We are grateful to Dr. Stella Rudolph for confirming that she will publish the present picture in her forthcoming catalogue raisonné of Maratti's paintings, and for informing us that she considers it to be one of the series of 'donne illustri' painted for the Roman banker Francesco Montioni c.1694-5 and mentioned by Bellori in his biography of Maratti; a Cleopatra from the same series is in the Museo di Palazzo Venezia, Rome.
In Roman legend, Tuccia was a Vestal Virgin who was accused of adultery but proved her innocence by filling a sieve with water and miraculously carrying it without it leaking; she is thus a symbol of chastity.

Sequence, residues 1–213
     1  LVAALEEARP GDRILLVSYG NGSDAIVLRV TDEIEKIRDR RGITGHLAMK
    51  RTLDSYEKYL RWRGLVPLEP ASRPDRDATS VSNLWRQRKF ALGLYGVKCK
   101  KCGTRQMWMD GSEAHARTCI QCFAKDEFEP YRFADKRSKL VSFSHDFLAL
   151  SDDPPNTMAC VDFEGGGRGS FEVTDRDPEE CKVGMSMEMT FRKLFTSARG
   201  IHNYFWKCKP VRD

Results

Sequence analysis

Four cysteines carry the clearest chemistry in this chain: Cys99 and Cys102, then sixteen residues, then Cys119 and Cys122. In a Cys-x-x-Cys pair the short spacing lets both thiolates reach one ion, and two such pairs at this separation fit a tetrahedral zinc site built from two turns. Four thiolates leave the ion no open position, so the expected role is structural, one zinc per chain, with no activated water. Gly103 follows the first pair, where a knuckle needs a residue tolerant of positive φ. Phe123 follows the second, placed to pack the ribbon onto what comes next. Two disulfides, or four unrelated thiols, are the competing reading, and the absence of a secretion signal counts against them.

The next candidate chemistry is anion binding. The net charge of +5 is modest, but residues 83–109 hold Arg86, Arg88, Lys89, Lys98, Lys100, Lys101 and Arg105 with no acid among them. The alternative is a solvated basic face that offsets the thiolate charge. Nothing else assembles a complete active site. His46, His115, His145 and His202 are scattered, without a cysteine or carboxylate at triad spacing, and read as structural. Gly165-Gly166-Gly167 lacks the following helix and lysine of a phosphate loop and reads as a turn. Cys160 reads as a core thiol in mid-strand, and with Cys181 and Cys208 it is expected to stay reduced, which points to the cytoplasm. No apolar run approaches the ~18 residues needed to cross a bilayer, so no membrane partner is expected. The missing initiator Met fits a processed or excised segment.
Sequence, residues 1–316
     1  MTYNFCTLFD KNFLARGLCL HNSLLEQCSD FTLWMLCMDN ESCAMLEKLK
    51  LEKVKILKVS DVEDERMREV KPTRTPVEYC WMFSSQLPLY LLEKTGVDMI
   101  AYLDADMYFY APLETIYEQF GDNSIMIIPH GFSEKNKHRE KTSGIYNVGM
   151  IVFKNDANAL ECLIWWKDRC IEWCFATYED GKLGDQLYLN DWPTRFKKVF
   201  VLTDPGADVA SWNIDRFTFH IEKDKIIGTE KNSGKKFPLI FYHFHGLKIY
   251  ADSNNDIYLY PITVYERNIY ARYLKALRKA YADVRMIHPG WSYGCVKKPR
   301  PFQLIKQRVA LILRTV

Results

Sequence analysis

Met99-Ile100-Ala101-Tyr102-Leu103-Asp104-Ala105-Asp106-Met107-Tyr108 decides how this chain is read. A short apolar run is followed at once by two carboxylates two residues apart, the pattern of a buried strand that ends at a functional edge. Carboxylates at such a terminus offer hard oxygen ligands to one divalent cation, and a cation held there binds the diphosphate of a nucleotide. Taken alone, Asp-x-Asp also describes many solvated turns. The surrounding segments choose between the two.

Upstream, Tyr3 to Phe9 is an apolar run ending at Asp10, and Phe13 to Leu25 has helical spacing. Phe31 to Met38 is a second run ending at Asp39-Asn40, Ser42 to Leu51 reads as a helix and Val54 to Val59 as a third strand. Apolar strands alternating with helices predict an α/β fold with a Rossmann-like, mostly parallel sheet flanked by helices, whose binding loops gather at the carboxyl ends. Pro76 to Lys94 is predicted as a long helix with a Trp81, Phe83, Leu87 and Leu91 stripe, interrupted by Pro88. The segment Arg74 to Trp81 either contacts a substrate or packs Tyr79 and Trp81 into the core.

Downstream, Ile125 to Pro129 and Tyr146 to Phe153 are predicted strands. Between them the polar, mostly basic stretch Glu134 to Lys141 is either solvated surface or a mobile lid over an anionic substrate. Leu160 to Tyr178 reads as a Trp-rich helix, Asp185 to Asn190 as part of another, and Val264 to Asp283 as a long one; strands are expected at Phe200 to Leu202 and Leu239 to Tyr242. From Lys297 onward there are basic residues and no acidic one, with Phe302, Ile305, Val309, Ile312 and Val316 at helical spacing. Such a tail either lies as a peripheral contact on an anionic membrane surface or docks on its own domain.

Among the small group of old masters formerly at Cullen House were two other large Italian canvases of significance, Ludovico Carracci's Presentation in the Temple, now in the Thyssen-Bornemisza Collection and a Presentation of the Virgin in the Temple by Pietro Faccini. It is tempting to suppose that these and the present picture were acquired by Sir James Grant (1738-1811), possibly on his visit to Rome in 1760. Letters to Grant from the Abbé Peter Grant establish that he was a connoisseur of some note and his tastes are shown by his patronage of Scottish painters in Italy. The 1975 sale included the only known painting by Mengs' pupil Colin Morison; depicting Andromeda offering Sacrifice to Hector's Shade, this was commissioned by Grant in Rome in 1760. Also sold were five paintings by James Clark, who was sent to study painting in Italy at the expense of Grant and Sir Hew Dalrymple in 1768 and remained there until his death in 1799; they included copies after Subleyras, Guercino, Titian and Annibale Carracci commissioned by Grant before 1772. The fact that there is no mention of this or other old masters from the collection among Grant's papers means, however, that it is possible that these were obtained by James Ogilvy, 7th Earl of Findlater and 4th Earl of Seafield (1750-1811), who is known to have acquired a large altarpiece in Rome in the 1780s